NOTE: I wrote this on July 9th, just after Terry Hass died.
Twice each day Chris and I remove toothbrushes and toothpaste from the ceramic holder – the one that Terry made – that sits on the shelf below our medicine cabinet.
The glazes are a mix of brown and gray, earthy like all her pottery. A series of elongated S—like perforations provide ventilation and drying, and are reminiscent of a flock of birds in flight. Practicality and beauty were inseparable for her. Now that she’s gone those holes in the toothbrush holder are like the holes in our heart.
Chris often says there are some people whose life is art. Terry was one of those. Her ceramics, her clothing, her food, her house, her child-rearing– all of it was naturally artful. She didn’t have to work at it; it was just her way, free of static and simple as bread.
Twenty eight years ago SMC designed and built a house in Chilmark for Terry, her husband Gerry, and their three then-teenage daughters Caroline, Rachel, and Emily. Prior to that, the family had summered in a little shack they built on the property of friends of theirs on Blue Barque Road. They called the shack the Hacienda.
They bought a piece of wooded property just up the road. We helped them clear an area and dragged the Hacienda over and placed it on the new property. It was the beginning of a long and wonderful story of a family and a place.
Not to take anything from Gerry, or the kids, or, for that matter, from us, but the house that emerged on this property was really the house that Terry made. To this day it is imbued with her imprint as much as the ceramic pieces that she often stamped with geometric patterns. To Terry, each decision was worthy of careful consideration, but our collaboration with her was so seamless that only in retrospect could you internalize the intensity of the process. Terry drove us to solutions that met the budget but never compromised beauty and character.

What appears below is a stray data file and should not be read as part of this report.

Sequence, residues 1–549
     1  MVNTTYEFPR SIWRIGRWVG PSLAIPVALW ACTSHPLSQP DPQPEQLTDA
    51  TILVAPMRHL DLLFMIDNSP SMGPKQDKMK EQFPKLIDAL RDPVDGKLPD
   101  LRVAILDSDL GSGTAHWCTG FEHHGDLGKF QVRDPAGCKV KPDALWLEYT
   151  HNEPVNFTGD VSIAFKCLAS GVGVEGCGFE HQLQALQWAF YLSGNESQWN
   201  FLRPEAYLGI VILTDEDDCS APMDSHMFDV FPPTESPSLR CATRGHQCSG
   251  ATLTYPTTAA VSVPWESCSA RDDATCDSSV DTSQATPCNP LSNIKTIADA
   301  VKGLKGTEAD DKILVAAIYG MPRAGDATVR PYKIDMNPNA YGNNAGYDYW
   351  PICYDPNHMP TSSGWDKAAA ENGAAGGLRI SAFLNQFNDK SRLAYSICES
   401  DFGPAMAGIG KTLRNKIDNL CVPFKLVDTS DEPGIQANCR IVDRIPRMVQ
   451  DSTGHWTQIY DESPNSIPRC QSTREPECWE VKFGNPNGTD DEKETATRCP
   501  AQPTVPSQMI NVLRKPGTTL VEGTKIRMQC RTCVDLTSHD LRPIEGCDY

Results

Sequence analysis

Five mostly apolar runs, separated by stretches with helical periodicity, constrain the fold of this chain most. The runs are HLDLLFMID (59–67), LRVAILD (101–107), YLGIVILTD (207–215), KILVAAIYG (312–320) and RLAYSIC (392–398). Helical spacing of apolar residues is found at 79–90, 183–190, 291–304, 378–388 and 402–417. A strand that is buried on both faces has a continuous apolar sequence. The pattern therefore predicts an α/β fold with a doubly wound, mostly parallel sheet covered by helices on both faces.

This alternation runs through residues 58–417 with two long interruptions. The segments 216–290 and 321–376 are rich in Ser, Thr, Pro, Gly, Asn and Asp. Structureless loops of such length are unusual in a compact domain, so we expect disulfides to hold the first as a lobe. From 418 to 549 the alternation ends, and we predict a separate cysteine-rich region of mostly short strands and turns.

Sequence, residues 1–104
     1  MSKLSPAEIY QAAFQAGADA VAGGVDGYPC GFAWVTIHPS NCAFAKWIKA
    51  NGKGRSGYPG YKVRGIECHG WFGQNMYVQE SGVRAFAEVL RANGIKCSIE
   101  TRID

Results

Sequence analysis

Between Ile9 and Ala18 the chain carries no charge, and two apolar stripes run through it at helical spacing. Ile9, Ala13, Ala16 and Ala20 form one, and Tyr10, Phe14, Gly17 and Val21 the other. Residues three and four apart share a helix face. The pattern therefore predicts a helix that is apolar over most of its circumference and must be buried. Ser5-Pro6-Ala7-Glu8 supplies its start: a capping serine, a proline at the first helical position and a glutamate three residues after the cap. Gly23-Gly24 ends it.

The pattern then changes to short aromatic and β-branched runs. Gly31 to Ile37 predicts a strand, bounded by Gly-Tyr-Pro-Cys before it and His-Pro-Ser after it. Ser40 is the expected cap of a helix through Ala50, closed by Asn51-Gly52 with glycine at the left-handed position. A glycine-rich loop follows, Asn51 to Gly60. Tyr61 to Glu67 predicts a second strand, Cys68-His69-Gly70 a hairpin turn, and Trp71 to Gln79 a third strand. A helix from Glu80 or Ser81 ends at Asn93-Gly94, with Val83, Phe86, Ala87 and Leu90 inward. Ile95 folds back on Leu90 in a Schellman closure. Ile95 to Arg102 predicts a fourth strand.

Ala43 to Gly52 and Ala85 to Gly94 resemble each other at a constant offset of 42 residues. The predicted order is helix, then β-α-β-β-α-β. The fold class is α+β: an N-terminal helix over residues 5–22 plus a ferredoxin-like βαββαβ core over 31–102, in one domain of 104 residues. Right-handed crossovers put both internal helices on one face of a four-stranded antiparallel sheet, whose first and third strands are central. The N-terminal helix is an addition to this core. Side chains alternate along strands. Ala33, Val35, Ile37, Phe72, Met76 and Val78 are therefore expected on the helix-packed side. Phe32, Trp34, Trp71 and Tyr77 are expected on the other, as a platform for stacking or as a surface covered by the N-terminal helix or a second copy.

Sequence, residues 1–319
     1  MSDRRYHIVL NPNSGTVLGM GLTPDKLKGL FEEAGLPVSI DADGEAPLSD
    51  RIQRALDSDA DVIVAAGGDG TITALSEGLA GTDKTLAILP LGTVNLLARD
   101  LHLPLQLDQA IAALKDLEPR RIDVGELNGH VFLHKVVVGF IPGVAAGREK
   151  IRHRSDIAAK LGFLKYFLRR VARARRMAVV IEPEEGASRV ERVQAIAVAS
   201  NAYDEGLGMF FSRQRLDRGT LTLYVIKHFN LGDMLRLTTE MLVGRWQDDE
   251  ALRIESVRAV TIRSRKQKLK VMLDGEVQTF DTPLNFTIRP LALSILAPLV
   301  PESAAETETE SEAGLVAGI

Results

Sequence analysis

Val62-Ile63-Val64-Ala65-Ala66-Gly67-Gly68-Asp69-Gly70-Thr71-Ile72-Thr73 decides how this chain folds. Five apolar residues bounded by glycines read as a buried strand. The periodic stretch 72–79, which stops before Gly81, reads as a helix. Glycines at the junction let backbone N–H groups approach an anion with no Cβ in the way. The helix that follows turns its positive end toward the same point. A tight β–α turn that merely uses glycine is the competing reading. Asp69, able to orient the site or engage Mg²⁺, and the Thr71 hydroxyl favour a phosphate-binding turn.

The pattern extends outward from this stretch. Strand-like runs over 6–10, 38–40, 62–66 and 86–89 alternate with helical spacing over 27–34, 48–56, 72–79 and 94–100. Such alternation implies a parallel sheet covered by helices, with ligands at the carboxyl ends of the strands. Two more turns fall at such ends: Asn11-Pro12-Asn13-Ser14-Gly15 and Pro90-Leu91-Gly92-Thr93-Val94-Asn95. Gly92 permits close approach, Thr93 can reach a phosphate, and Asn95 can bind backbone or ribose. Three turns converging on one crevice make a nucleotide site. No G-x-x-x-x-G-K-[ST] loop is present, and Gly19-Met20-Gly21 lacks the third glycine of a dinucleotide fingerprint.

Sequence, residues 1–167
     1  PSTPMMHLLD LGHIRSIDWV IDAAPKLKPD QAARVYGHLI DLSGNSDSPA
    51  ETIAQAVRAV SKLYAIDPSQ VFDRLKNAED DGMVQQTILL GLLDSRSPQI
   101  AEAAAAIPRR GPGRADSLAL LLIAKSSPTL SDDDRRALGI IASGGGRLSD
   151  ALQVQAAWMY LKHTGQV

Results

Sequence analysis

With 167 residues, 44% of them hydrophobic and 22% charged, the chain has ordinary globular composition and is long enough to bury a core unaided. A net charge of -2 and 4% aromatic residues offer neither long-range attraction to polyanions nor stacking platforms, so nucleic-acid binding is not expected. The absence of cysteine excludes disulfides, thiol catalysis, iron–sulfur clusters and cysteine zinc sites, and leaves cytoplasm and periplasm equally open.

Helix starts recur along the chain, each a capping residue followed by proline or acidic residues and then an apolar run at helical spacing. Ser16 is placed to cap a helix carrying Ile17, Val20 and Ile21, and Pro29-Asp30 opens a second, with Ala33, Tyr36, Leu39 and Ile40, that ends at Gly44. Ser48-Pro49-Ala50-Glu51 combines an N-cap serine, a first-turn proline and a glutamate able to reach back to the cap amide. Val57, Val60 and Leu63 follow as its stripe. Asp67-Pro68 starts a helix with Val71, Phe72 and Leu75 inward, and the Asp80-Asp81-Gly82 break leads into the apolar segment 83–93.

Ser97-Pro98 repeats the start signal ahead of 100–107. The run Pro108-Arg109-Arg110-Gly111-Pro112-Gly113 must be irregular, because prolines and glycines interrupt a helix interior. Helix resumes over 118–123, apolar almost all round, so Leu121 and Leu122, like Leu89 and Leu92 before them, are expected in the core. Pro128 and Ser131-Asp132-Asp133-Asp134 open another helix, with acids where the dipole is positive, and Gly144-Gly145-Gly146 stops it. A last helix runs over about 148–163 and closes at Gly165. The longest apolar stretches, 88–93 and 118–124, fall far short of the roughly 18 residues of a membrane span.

Sometimes our clients become friends for life. That’s what happened with the Hass family, and the house we made for them remains one of my favorites.
The screened porch, which connects the main, winterized part of the house to an un-winterized bunkroom (which, later, when more funds were available, was winterized and expanded, including a studio for Terry) became the heart of the house, truly the “living” room. A few weeks ago, nearing the end of her life, hardly able to travel, Terry decided the family would leave Cambridge and go to the Vineyard. She wanted to be on that screened porch looking at flowers and listening to birds sing. She wanted to die at her true home, surrounded not only by family but by the place she fashioned.
Long ago when we were at the Hass’ celebrating the completion of the house, my five year old daughter Sophie asked, “Are Terry and Gerry South Mountain?” Now 32, she remembers this well. She says that she was “classifying”: trying to figure out who belonged to which group of people in our lives: family, friends, Chris’ preschool, South Mountain.
Yes, Terry was, indeed, South Mountain. She had an important job: to help us do our very best work for her.
She did that job with a combination of elegance and thrift, in the very best sense of each. Artfully, of course. Thank you for being a part of our lives, Terry. You remain with us, and you will.
By the way, the little Hacienda is still there too.